The Problem With Clocks

Clocks are power- and area- hungry, and difficult to distribute in a controlled manner. What is being done to reign in these unwieldy beasts?


The synchronous digital design paradigm has enabled us to design circuits that are well controlled, but that is only true if the clocks themselves are well controlled.

While overdesign techniques ensured that to be the case in early ASIC development, designs today cannot afford such luxuries. As we strive for lower power and higher operating frequencies, the clock has become a critical design element. Even using modern design techniques, the clock network can consume a significant portion of the routing resources and account for 30% to 40% of total design power.

In the early days of ASIC development, a lot of assumptions and simplifications were made. Delays were on gates, power supplies were totally stable and un-switched, and clocks were perfectly distributed. Many of these assumptions are reflected in the design languages that we use today, such as Verilog and VHDL, and design files have to be supplemented with additional data that includes information such as power intent and post-layout timing.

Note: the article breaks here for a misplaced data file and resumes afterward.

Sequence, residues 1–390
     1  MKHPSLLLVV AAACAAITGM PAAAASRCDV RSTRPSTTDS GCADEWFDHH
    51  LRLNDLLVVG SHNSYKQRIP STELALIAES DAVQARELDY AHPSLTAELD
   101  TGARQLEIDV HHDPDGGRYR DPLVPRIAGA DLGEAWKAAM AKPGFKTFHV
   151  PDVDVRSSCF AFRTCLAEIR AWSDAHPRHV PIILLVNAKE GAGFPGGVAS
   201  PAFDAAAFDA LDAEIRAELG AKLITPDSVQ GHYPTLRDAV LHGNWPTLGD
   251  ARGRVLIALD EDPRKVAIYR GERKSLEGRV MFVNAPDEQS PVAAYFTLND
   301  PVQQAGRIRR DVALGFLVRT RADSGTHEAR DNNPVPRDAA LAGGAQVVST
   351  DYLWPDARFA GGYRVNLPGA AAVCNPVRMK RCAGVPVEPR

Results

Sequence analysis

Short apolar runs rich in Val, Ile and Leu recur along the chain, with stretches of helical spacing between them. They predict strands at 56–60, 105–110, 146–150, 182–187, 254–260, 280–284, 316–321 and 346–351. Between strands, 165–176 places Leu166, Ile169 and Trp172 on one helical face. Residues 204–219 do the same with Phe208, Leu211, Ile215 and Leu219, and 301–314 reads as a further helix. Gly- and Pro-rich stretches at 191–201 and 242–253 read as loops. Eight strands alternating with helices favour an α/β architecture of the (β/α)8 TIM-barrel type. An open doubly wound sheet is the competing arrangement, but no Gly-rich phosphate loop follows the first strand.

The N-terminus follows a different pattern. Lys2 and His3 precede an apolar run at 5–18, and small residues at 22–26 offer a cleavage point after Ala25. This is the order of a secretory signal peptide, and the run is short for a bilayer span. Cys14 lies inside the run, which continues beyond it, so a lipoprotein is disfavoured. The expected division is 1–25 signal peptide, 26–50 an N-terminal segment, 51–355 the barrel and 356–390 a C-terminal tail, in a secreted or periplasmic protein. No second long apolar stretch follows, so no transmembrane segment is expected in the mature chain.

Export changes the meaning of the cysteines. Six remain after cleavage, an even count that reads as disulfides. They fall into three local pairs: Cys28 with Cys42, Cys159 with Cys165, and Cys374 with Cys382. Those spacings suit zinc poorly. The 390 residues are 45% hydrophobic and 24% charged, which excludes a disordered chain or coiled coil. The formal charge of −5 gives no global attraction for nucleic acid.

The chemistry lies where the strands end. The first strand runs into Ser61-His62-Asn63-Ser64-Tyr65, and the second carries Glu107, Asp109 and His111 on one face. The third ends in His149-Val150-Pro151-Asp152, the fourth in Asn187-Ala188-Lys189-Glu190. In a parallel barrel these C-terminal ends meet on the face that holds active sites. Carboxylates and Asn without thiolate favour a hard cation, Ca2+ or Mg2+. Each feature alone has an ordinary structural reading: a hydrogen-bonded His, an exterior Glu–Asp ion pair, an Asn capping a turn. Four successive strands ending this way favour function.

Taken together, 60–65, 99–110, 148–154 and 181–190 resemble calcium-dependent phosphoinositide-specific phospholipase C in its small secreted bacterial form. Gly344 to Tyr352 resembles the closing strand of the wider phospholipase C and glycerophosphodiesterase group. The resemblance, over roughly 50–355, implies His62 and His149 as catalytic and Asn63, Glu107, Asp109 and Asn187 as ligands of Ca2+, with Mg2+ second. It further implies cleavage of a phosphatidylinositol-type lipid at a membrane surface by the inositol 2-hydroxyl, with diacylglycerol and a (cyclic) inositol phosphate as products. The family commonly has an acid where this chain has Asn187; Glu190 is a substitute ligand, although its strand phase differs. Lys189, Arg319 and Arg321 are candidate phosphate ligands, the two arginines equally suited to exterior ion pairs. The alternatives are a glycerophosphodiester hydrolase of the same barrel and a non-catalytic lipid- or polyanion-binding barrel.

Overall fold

Other information is left for a tool to extract. Clock tree synthesis (CTS) is one of those areas that has become a lot more complex. Today it relies on a combination of design methodology, tools, manual intervention, and lots of information being passed between different groups within the front-end and back-end teams.